For my final project, I was “lucky” enough to get to spend multiple hours examining periwinkle snails for signs of penises (really, it’s much harder than it sounds) so that I could determine the sex of individuals I used. In addition to developing a unique technique to elicit the snails to come out of their shells so that I could see if they had a penis behind their right tentacle, I also learned some interesting things about sexing snails. The presence of a penis is the common and generally agreed upon way to determine the sex of a snail, however, in my research for this project I found out that this is not a fool-proof method. Why? Because, just as humans exists in a variety of forms besides having a penis and not having a penis, snails too exhibit physical variation within each sex.
One reason penises are not always a reliable way to determine to sex of periwinkle snails is because after the mating season males tend to shed their penises (!). Amazingly, males will synchronously discard their organs, which may seem counter intuitive, but actually this may be an energy conserving strategy. Since the males can regrow this critical organ when the mating reason resumes, they do not have to waste energy keeping an organ around they aren’t using, and actually reabsorb some nutrients from these parts before the shedding occurs. For more on the evolutionary reasons behind penis-shedding, and for an interesting connection to our own anatomy check out this interesting post.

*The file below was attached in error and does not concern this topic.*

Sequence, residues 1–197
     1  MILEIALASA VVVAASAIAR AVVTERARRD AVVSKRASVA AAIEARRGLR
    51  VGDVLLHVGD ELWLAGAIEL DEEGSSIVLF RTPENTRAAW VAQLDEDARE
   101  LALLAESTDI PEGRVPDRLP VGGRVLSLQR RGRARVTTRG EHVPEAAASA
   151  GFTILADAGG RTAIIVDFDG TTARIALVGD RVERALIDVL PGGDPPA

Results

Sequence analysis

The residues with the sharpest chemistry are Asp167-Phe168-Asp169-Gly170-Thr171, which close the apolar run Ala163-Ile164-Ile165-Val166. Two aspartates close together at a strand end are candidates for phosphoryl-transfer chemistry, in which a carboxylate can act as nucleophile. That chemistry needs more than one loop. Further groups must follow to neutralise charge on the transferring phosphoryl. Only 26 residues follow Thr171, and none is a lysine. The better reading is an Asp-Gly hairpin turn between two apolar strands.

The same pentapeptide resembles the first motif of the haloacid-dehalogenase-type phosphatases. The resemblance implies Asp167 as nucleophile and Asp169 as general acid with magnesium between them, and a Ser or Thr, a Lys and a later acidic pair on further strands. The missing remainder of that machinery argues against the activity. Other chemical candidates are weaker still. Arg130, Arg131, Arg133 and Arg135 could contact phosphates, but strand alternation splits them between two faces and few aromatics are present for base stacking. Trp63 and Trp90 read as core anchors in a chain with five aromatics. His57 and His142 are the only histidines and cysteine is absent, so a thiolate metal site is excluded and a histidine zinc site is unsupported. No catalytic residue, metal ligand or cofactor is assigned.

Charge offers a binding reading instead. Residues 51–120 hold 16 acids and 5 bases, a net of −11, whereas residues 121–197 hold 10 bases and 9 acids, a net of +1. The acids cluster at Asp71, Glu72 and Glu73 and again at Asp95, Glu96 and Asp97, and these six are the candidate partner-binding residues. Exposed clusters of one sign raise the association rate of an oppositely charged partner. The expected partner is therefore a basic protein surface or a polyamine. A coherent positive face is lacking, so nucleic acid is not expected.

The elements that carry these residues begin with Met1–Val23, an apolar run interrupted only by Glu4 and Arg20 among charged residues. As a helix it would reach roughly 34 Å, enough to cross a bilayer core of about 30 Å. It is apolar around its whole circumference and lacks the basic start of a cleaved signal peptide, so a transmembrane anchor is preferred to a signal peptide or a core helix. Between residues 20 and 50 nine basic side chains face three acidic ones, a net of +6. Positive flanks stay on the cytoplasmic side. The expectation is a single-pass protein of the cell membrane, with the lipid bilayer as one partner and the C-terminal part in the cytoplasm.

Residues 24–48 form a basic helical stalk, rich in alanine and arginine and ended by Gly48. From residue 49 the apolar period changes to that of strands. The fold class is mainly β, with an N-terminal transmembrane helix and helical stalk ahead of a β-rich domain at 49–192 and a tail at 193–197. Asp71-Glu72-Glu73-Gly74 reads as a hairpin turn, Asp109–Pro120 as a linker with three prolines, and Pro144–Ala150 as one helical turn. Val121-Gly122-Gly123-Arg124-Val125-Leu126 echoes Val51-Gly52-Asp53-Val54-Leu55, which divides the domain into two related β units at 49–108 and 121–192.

I also learned that another bizarre snail penis phenomenon occurs in response to human pollution. In Australia (and all over the world) female snails were found to grow penises on their head in the presence of tributyltin, or TBT, a chemical used to treat and preserve wood on boats. The way TBT works is that the chemical disrupts the hormone system of the snails (and oysters and clams too) causing penises to grow where they normally don’t. Luckily, since this chemical was banned in 2008, instances of female penis growth have declined.
So, on this note I sum up my reporting from Experimental Invertebrate Biology and the final assignment of my undergraduate degree in Biology. I never expected the last thing I’d write would be about snail penises, but I’m sure it could be stranger… like this octopus that has a detachable penis.